by David Safier
It's a little late in the day (evening, actually) to comment on this morning's Star, but I don't want to let this go. Summary of this post: the Star's Brady McCombs needs to play some catch-up, and quick, if he wants to be a good political reporter.
McCombs has a story in today's paper about ads run by Republican and Democratic national committees for and against Kelly and Barber. Either out of caution or lack of necessary information, McCombs basically summarizes the ads and follows them with a rebuttal from the other camp, then a re-rebuttal from the camp that put out the ads. There's no attempt to sort through the information and help the reader sort out the facts behind the attacks.
The Republican ad focuses on Barber/Giffords cutting $500 billion from Medicare. This is a serious charge which was leveled against Giffords in 2010 and is being used against Democrats nationwide, that Obamacare hurts Medicare. And it has been taken apart again and again as big lie wrapped in a small truth. AZ Blue Meanie has gone after this one in depth, but you might think Politicfact's debunking of the accusation is a less partisan source.
Basically, the $500 billion is about cutting costs, not cutting services. It comes from payments to providers. And the same cut is in Paul Ryan's budget which the Republicans voted for and Romney raves about. Most people don't know this. For McCombs to leave it as a "Kelly said, Barber said" -- to imply both sides are equally justified in their positions -- does the reader a serious disservice.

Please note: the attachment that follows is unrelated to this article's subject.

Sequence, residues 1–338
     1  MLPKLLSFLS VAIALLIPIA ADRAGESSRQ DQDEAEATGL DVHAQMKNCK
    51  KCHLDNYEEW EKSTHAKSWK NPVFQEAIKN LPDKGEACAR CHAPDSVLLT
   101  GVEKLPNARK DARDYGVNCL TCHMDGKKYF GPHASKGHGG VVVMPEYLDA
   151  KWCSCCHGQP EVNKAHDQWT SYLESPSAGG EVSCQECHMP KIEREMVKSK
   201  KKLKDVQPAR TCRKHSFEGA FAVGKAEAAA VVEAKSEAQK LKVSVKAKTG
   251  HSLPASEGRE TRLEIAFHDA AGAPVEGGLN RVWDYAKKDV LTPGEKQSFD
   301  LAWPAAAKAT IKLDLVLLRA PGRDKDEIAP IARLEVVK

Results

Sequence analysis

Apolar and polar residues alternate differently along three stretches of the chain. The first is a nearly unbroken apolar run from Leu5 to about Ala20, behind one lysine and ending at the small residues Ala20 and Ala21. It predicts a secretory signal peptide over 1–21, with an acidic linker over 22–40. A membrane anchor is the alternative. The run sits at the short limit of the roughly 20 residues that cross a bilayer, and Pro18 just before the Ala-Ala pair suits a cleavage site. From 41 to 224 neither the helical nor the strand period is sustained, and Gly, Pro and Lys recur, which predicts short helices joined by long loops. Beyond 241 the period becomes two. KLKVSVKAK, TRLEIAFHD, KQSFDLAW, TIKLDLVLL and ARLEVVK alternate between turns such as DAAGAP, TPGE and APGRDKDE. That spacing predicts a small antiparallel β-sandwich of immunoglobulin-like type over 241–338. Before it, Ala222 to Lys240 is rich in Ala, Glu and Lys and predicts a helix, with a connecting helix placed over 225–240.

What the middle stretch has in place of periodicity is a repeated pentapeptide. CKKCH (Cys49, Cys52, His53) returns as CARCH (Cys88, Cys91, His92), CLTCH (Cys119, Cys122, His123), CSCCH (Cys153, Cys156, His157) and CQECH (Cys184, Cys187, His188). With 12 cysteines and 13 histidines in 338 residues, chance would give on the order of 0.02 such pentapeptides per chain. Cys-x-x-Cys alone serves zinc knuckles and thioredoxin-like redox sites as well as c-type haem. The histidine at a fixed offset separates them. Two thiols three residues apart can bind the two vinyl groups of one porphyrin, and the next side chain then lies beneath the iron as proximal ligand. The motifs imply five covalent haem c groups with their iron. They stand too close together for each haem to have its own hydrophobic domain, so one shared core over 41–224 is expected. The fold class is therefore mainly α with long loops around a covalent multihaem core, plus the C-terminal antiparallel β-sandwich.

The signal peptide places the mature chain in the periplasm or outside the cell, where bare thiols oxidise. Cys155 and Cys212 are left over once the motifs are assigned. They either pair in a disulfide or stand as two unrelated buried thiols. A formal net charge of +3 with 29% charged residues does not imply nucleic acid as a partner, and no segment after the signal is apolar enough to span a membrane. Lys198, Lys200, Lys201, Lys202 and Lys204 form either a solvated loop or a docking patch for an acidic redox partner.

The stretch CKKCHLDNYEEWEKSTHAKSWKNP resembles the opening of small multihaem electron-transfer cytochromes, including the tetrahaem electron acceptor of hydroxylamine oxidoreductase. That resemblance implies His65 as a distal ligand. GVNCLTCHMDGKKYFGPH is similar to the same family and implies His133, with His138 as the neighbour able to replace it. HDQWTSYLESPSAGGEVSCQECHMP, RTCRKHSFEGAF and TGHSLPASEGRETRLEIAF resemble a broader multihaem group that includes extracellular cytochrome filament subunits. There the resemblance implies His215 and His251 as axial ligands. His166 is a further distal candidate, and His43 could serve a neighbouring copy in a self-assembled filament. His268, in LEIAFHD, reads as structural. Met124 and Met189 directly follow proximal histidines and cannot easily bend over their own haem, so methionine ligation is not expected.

The Democratic side goes after Kelly for wanting to eliminate Medicare and Social Security. Is this also a big lie wrapped in a small truth? Actually, no. Kelly has softened his position, but here's what he said during a KUAT debate when he was running against Giffords. BIll Buckmaster is the moderator.
Moderator Bill Buckmaster, KUAT debate, July 30: What about privatization of these two huge entitlement programs?
Jesse Kelly: We must. Bernie Madoff is in prison right now for what the federal government has done with Social Security and Medicare. It’s the biggest Ponzi scheme in history. It’s not an accident that the government has bankrupted everything they’ve ever touched, including Social Security and Medicare. They even bankrupted the Post Office, for goodness sakes. Right now, you have to take steps to reform it, to privatize it, to phase it out. Now these are not welfare programs. People have paid their entire lives into these programs, because the government has stolen their money. So you need to be fulfilling your promises in the near future, while phasing out future generations, taking steps to privatize, vouchers, everything. It’s not an option of should it be done — it must be done.
The article gives no sense Kelly ever held the positions he stated during the debate. McCombs, in Kelly's defense, paraphrases Kelly's website, which says, in McCombs' words, "Kelly does not advocate for privatizing, eliminating or phasing out Social Security or Medicare." That's stated as if it's fact.
You may wonder how I dug up all this information about the attacks in the two ads. I googled it. It wasn't hard.
The takeaway from McCombs' article is, Barber may or may not want to hurt Medicare by cutting it, and Kelly may or may not advocate for dismantling Medicare and Social Security. In other words, it's a draw. If McCombs thinks this false equivalence is OK, then he's done his job. If he thinks, as I do, that sometimes one side is more truthful than the other, that a reporter should know more than the readers and give them the benefit of what he/she knows, then he has some serious catching up to do before he deserves the title of political reporter.